54. "We can talk meaningfully about Vietnam as the regional power in former Indochina, as one regional power among many in Southeast Asia, or as not a regional power in Asia." See Brantly Womack, China Among Unequals (Singapore: World Scientific Publishing Co., 2010), p. 77.
  55. "'Vietnam has emerged as a regional power in South-East Asia': Hamid Ansari". Retrieved 5 September 2012. 
  56. "U.S.-Vietnamese rapprochement and Hanoi’s Dilemma". Retrieved 5 September 2012. 
  57. 57.0 57.1
  65. "There are, thirdly, a large number of secondary regional powers. And some of them are clearly very important countries, but they have to orient their attitudes and thinking in terms of their relationship with the major regional powers. These would include the United Kingdom in Europe; Poland, Ukraine, Uzbekistan in the Russian sphere; Pakistan, obviously; Japan; Argentina; various other countries." See Samuel Huntington, "The Great American Myth," in Writing Arguments, edited by John Ramage, John Bean, and June Johnson (Pearson Education, 2007), p. 532.
  67. "Turkey and Russia on the Rise". Stratfor. 2009-03-17. Retrieved 2011-08-21. 
  68. "Can Turkey Be a Source of Stability in the Middle East?". 2010-12-18. Retrieved 2011-05-16. 
  69. The Economist: "Turkish foreign policy: Ottoman dreamer", 5 November 2011.
  70. The Economist: "Turkey in the Balkans: The good old days?", 5 November 2011.
  71. "Erdoğan's Moment", cover story in the Time magazine issue of November 21–28, 2011. (Vol. 178 No. 21.) "Erdoğan's Way" was the cover title in the editions of Europe, Asia and South Pacific.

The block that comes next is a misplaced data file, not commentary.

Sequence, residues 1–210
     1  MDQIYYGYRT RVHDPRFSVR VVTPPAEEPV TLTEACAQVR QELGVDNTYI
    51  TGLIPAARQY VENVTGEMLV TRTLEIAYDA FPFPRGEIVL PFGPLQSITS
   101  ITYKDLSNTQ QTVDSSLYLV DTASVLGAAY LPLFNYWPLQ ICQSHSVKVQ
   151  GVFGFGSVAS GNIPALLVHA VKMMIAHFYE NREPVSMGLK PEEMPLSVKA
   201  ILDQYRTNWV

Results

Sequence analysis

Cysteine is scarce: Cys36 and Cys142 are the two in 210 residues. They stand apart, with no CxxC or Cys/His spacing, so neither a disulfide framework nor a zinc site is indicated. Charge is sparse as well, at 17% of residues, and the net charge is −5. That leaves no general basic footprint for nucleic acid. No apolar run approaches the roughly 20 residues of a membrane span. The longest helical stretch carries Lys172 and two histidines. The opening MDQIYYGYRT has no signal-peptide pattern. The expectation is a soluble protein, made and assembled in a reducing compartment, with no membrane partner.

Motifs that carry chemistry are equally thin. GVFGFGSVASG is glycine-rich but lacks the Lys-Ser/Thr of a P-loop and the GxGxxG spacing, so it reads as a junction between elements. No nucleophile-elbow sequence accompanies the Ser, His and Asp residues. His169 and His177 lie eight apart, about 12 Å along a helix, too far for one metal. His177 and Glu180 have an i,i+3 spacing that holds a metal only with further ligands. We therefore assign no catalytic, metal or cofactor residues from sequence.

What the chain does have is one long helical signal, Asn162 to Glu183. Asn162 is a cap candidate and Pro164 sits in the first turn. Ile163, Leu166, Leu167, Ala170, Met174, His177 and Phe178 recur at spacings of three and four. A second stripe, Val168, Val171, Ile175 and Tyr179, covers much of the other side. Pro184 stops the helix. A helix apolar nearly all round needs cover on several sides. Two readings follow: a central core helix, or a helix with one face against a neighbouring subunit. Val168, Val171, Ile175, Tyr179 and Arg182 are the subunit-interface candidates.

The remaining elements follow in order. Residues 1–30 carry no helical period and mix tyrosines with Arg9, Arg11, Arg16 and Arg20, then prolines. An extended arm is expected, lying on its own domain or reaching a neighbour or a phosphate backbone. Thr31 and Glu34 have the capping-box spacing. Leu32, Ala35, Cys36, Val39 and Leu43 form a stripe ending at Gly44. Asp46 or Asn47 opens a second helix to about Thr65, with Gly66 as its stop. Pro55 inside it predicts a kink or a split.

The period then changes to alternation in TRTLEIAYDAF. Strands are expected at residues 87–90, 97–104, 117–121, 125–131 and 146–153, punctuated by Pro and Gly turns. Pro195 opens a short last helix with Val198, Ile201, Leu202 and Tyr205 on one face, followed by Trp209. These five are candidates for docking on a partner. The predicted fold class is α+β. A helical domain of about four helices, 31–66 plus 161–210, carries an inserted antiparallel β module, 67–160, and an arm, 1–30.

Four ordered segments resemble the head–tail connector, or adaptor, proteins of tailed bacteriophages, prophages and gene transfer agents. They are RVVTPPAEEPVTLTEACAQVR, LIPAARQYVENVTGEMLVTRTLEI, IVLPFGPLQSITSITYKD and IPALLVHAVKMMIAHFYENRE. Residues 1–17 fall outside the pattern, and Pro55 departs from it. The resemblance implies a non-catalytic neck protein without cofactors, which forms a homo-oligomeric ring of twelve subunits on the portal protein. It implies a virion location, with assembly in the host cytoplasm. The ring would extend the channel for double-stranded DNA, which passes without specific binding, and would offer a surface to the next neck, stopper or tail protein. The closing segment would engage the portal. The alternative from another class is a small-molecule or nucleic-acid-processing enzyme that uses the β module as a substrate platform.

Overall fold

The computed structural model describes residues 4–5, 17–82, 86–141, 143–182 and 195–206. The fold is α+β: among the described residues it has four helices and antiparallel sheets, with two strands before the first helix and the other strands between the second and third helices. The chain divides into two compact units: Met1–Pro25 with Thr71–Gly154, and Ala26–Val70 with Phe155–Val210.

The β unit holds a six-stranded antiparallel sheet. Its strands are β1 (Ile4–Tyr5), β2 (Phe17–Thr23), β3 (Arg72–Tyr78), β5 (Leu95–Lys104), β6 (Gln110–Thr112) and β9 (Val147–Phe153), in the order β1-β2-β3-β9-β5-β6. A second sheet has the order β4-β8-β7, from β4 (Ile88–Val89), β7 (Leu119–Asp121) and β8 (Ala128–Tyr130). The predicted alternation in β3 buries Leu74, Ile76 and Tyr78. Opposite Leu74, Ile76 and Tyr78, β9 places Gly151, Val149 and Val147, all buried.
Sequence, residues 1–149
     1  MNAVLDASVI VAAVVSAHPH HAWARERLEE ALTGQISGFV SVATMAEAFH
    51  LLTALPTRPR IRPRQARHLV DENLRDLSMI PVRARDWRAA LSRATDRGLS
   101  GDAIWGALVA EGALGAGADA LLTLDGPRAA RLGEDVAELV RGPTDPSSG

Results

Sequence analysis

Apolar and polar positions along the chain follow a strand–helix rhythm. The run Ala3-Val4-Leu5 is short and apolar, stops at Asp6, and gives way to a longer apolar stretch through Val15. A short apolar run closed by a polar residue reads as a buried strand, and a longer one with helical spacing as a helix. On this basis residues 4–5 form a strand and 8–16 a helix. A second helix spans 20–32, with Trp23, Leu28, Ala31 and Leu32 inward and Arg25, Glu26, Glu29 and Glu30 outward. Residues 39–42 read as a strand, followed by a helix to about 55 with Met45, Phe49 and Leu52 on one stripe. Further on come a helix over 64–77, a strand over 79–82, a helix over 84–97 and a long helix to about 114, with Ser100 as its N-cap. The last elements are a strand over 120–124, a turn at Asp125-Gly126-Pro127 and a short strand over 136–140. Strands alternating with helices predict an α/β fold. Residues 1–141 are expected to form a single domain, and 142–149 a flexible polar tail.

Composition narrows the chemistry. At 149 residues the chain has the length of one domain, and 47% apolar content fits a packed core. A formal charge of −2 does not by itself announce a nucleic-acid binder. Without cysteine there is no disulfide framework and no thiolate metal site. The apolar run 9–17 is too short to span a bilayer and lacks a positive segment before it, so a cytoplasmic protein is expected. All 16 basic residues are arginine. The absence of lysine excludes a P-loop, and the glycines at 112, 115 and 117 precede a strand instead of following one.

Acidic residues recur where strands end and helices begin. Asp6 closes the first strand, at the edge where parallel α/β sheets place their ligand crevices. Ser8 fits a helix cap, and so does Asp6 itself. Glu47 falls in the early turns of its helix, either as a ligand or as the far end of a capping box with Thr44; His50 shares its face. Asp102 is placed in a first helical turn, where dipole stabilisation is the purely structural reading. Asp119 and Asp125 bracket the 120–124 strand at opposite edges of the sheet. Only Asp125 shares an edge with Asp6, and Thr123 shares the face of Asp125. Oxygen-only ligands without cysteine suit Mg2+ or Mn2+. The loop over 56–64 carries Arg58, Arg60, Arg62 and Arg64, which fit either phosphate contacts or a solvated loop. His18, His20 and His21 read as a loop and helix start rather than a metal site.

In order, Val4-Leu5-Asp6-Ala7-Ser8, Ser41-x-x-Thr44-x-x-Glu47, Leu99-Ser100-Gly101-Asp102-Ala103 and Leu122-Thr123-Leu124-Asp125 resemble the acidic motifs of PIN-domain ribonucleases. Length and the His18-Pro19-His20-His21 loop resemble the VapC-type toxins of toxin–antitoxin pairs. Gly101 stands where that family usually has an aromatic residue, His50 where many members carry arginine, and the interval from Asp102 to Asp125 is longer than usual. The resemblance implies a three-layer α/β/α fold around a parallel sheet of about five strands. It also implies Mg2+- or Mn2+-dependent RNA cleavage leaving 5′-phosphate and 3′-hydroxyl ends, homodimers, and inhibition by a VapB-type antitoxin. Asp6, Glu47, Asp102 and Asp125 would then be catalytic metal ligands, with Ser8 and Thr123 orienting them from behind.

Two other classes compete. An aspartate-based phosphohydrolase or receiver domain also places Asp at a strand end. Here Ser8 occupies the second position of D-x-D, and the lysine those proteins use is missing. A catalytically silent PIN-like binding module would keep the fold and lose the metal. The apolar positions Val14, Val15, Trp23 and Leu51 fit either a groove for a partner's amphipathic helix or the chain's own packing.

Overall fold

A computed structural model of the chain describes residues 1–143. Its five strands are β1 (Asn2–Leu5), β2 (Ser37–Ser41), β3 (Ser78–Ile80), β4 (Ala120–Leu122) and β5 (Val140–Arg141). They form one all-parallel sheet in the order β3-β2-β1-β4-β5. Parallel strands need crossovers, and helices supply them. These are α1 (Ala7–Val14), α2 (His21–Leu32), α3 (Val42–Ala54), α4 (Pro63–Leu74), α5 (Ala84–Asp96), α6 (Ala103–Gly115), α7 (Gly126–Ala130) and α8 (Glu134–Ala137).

73. "Operation Alba may be considered one of the most important instances in which Italy has acted as a regional power, taking the lead in executing a technically and politically coherent and determined strategy." See Federiga Bindi, Italy and the European Union (Washington, D.C.: Brookings Institution Press, 2011), p. 171.
  74. "Italy plays a prominent role in European and global military, cultural and diplomatic affairs. The country's European political, social and economic influence make it a major regional power." See Italy: Justice System and National Police Handbook, Vol. 1 (Washington, D.C.: International Business Publications, 2009), p. 9.
  77. "In fact, Latin America remained now, as it had been at the start of the transition, Spain's only possibility of rising above its present position [in 2000] a...iddle-ranking regional power within Europe." Javier Tusell, Spain: From Dictatorship to Democracy, 1939 to the Present (Wiley-Blackwell, 2011), chapter 6.
  79. [3] France, Germany, Britain – Responses of Traditional Regional Powers to Rising Regions and Rivals